I have 3 dogs that weigh ≈ 5 kg, ≈ 20 kg and ≈ 45 kg. The smallest dogs whole head would fit in the mouth of the biggest dog. Although I haven't measured it exactly but by just looking at the dogs I would expect the weight of their brain to approximately correspond to their body weight, that is the 20 kg dog's brain is 4 times heavier than the smallest dog and the 45 kg dog's brain is 10 times heavier.

Meanwhile, all three dogs seem to have similar intelligence.

What is all the extra weight of the brain of the bigger dogs used for?

You can expand this question and note that an average mouse brain weigh 0,5 g while an elephant weighs around 5 kg. Elephants might be smarter than a mouse but not 10 000 smarter. Besides, the brain of a human is much lighter than an elephant and we obviously are much smarter.

Why do bigger animals need bigger brains than smaller animals to accomplish approximately the same intelligence? Is it something along the lines that they have more muscle fibres and every single musle fibre needs a few neurons to control it?


2 Answers 2


I like the muscle_fiber/more_neuronal_mass theory. It makes a lot of sense having a better networked neural structure if you have more efferent processes to look at (in the form of more muscle fiber to actually move). After a quick search, it doesn't seem like this is a very thoroughly researched field. This review from 2014 states that:

  • there seems to be a positive relationship between whole brain volume and white matter volume and muscle size
  • grey matter (GM) volume had no direct relationship with muscle size, yet some areas of the GM were linked to muscle size (more specifically the right temporal pole and the bilateral ventromedial prefrontal cortex)
  • no relationship exists associating grip strength and whole brain volume
  • gait speed is positively linked to whole brain volume

The relationships between regional areas of the brain and their functions seem to be something dynamically non-linear enough to prove quite complex to classify properly.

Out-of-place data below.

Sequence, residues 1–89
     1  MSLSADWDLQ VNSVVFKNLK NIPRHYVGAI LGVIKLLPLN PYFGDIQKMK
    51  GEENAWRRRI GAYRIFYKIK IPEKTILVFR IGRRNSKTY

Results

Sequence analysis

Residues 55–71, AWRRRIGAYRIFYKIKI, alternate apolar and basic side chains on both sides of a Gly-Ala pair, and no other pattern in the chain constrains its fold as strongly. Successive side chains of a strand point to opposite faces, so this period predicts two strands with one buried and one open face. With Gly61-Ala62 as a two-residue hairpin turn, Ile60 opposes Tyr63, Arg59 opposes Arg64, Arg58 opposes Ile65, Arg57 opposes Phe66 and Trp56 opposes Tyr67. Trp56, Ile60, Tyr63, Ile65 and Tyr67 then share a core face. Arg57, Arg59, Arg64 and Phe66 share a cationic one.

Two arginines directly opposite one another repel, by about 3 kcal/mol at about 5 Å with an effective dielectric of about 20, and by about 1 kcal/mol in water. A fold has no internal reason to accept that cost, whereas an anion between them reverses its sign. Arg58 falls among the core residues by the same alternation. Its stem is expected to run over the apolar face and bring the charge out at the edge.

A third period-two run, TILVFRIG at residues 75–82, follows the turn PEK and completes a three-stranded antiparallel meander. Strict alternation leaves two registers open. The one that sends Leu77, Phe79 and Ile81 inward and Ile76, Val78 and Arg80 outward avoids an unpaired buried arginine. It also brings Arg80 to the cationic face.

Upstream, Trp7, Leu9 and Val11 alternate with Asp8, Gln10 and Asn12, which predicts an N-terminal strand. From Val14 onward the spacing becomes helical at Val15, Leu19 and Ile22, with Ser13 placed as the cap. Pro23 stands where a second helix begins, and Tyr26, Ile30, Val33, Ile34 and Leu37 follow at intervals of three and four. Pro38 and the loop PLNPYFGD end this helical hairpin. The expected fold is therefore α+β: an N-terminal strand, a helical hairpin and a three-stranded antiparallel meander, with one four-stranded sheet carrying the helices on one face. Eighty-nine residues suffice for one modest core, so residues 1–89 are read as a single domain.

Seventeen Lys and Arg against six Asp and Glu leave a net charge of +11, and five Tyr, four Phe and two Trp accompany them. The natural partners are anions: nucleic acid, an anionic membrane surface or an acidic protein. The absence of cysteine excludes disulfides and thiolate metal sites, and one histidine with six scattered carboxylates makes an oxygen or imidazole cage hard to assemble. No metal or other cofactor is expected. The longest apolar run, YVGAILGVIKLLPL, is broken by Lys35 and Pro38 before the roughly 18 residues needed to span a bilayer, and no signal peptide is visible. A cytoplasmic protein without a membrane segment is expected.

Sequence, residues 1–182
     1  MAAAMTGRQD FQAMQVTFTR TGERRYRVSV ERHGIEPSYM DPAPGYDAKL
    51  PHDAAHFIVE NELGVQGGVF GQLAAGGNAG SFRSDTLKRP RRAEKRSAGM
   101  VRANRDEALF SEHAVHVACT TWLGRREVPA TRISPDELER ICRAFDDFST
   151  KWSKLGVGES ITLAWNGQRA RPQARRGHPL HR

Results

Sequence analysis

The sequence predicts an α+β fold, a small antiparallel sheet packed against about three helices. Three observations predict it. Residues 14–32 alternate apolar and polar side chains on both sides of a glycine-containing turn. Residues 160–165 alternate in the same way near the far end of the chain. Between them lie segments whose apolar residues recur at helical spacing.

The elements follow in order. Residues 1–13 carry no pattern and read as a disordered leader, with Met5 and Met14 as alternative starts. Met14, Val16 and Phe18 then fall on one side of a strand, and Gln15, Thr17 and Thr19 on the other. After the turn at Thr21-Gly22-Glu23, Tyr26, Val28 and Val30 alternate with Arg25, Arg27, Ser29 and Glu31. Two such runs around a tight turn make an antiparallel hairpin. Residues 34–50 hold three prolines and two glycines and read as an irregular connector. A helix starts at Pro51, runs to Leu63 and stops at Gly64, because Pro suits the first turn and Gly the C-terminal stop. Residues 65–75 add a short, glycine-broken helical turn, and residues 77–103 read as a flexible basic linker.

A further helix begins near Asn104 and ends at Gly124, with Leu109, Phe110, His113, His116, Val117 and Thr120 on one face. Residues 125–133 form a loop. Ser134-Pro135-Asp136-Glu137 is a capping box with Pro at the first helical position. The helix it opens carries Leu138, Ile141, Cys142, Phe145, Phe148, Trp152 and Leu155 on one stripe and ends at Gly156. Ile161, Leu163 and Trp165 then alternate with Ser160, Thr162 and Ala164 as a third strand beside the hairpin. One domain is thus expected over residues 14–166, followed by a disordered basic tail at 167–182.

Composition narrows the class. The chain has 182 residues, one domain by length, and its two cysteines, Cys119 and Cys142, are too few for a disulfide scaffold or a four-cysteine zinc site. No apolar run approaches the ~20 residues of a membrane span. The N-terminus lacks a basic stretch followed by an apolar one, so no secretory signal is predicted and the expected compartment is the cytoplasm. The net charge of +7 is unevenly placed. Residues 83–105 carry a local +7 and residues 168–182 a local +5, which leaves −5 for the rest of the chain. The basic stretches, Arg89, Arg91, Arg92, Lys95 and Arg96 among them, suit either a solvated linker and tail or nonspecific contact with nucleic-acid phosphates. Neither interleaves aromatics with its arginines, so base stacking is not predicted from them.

The "extra weight", represented by a larger cerebral cortex, is where the neural integration happens and a study (and possibly others) confirms that cortical thickness is correlated with general intelligence in both hemispheres (samples = [children, adolescents, young_adults]).


Kilgour AH, Todd OM, Starr JM. A systematic review of the evidence that brain structure is related to muscle structure and their relationship to brain and muscle function in humans over the lifecourse. BMC Geriatr. 2014 Jul 10;14:85. doi: 10.1186/1471-2318-14-85. PMID: 25011478; PMCID: PMC4105796.

Menary K, Collins PF, Porter JN, Muetzel R, Olson EA, Kumar V, Steinbach M, Lim KO, Luciana M. Associations between cortical thickness and general intelligence in children, adolescents and young adults. Intelligence. 2013 Sep;41(5):597-606. doi: 10.1016/j.intell.2013.07.010. PMID: 24744452; PMCID: PMC3985090.


A fast rummage through the web tells me (alot) that:

The most intelligent dog is a medium dog breed, the border collie.

Big dogs are generally more intelligent than small dogs, only 1/20 of the most intelligent dog breeds are small dogs.

bigger dogs have better short-term memory, able to focus better and have better self control, coordination end executive functioning.

They also have: More surface area with nerves and skin cells more muscle fibers.

Primate studies suggest that bigger brains have better executive functioning and not other types of intelligence.

  • $\begingroup$ I don't think the causality goes in that direction. Working dogs are smarter than other dogs, especially working dogs that need to interact with humans. Medium size is a good size for working dogs that should be handled by humans, while their size still makes them efficient in their function. $\endgroup$
    – d-b
    Sep 28, 2023 at 22:19
  • $\begingroup$ poodles are rated in the top 20 most intelligent breeds, and bulldogs are towards the less intel, I don't know about wolves and foxes, that's tricky to test for. $\endgroup$ Oct 2, 2023 at 6:34
  • $\begingroup$ What is your point? $\endgroup$
    – d-b
    Oct 2, 2023 at 9:30
  • $\begingroup$ papillons and poodles are not related to working dogs and are higher on the intelligence tests than most workdogs. it's an just an oddity. en.wikipedia.org/wiki/The_Intelligence_of_Dogs $\endgroup$ Oct 5, 2023 at 10:35
  • $\begingroup$ Poodles are working dogs. Papillons aren't exactly working dogs but have been bread to learn tricks that amuses humans so that is basically a working dog, although their works is play. $\endgroup$
    – d-b
    Oct 5, 2023 at 13:56

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